Insulation - Open Cell

Insulating materials play a major role in comfortable, energy-efficient buildings. Thanks to their heat-insulating effect, they save heating and cooling energy and hence contribute to reducing GHG emissions during operation. In addition, thanks to their sound-insulating effect, they provide the basis for acoustic separation via their density properties. Subsequently, a wide range of products are available for diverse applications and performance properties.

Depending on raw materials, we classify insulation into two broad groups, distinguishing between the inorganic and organic origin of the product. Further subdivision may also be distinguished depending on the further processing of the raw material. Such subdivisions are referred to as either natural or synthetic, with most commercial products being the latter.

As a result of the base raw material of insulation material and the production method, insulating materials exhibit characteristic properties that, in some cases, are not relevant to other materials. Indeed, while insulating materials cover all requirements, no single material perfectly fulfils all requirements, particularly environmental impact requirements. As such, a direct comparison may not always be possible between one product and the next. Nonetheless, to ensure quality in product and application while complying with relevant building codes, insulation products are covered by local and international standards.


Open-cell insulation includes products such as glazing wool and rock wool. With millions of tiny open-cell air pockets forced into products during manufacture, these products allow air migration through their core while restricting heat loss via convection. Also, previously introduced binding agents are activated during manufacture to form a matrix locking the composition together. This process produces the 'spring loading' associated with open-cell insulation, allowing it to regain shape and thickness after compression.

A material will only be able to radiate heat that it can absorb. The glazing strands and their binder agent are poor heat conductors, so heat loss via radiation is negligible.

Dry air is a good insulation gas. So with open cell products, if contamination of the core air by water vapour can be prevented (using vapour permeable membranes), the ultra-small air pockets will significantly limit air movement.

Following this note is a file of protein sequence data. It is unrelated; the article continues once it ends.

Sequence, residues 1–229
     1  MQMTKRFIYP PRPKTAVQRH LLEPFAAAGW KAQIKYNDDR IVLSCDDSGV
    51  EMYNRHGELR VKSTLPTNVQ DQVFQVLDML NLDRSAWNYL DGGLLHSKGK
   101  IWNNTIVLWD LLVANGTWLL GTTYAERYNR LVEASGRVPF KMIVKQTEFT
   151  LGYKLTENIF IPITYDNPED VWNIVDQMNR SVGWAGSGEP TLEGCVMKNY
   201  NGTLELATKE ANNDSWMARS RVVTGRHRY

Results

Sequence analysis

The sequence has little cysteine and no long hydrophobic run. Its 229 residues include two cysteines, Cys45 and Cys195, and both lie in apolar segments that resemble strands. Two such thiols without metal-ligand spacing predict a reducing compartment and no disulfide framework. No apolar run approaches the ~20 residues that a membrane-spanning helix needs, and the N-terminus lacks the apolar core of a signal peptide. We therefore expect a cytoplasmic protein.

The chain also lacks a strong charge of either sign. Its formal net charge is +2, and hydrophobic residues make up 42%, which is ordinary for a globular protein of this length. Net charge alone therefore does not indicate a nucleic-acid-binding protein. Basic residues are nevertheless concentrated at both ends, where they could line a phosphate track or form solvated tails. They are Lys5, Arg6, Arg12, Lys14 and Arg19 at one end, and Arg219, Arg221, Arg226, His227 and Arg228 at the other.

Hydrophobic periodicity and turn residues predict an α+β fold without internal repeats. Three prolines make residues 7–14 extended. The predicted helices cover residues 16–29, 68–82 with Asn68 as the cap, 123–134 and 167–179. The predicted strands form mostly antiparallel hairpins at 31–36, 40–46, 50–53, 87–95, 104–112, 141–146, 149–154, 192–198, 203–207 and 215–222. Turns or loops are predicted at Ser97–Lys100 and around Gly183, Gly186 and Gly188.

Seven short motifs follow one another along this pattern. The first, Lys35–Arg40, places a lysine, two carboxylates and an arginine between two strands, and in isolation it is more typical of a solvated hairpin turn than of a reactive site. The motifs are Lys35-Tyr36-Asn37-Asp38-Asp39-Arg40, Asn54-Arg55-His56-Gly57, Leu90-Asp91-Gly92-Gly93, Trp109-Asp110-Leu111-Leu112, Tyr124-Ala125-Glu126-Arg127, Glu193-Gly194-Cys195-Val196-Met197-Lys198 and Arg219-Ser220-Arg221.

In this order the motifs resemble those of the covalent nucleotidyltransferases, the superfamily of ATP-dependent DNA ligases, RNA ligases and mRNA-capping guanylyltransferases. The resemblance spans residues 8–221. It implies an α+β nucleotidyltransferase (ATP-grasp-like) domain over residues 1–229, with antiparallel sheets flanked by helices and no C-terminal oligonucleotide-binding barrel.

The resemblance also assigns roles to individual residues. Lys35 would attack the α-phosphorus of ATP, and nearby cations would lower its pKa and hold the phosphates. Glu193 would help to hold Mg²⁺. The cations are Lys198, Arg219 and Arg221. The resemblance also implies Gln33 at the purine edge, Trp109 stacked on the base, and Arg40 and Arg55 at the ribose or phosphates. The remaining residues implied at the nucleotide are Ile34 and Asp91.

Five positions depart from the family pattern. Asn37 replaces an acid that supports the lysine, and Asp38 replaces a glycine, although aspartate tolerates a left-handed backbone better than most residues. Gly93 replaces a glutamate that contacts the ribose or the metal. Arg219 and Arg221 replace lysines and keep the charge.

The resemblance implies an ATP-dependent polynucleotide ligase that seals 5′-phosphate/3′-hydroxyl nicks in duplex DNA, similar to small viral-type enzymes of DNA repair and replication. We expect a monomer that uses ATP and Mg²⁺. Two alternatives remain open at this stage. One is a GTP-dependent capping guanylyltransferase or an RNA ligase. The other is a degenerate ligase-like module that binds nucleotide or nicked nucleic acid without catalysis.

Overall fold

Mineral Wool

Mineral wool is a general term for inorganic fibrous insulating materials like glass wool and rock wool. In all cases, products are formed by spinning or drawing molten minerals and are manufactured in various thicknesses and widths and is often supplied in rolls or slabs.

With a thermal conductivity range between 0.033 – 0.050 W/mK, mineral wool has a good insulating capacity and is open to vapour diffusion to ensure moisture does not build and reduce thermal performance. Even with relatively high moisture levels, they are generally resistant to mould, rot and vermin, representing the default insulation application for roof and wall systems.

Glass wool

Glazing wool varies in colour dependent on the binder mix and is unsuitable in applications where compression loads are likely. Under compression, the air pockets are crushed, reducing thermal performance. Under standard compression loads, however, they are sufficiently firm and stable enough to be used for impact sound insulation.

The primary reason for glass wool's popularity is due to its relatively low thermal conductivity (0.033 – 0.050 W/mK) and low densities (15 – 150 kg/m²). As such, they are easy to manage and, when placed within building envelope systems correctly, do not typically need further fixings.

Low vapour diffusion resistance factors, typically between 1 – 1.3, are a great solution for vapour open building envelopes and a vital component when managing the risk of long-term moisture management.

Rock Wool

Like glazing wool, rock wool is also a popular mineral wool product and has the added benefit of increased fire protection. Without binder agents, rock wool products can withstand temperatures as high as 750 °C, with melting points often over 1000 °C, supplier dependent.

While less flexible in application due to high densities (20 – 200 kg/m²), they are still highly suitable as a thermal control layer. And especially high densities available, combined with high compressive strength, can be used in noise barriers in road building.

From a thermal conductivity standpoint, performance remains in the same range as glazing wool products, between 0.033 – 0.050 W/mK.

Polyester Fibres

Polyester insulation and hydrocarbon compounds-based products are entirely synthetic and can contain recycled plastic fibres or blended with products like wool. Unlike other open-cell products, they contain no binder, flame retardants or other additives.

As a soft and elastic material, polyester products have a course fibrous surface, retaining their contours and form when not under compression. Due to the elastic nature of the material, they do not break during cutting, resulting in no dust that could irritate skin or breathing.

With very low densities (15 – 40 kg/m²), they are sometimes limited in application but retain similar thermal conductivity performance to other open cell products, between 0.035 – 0.050 W/mK.

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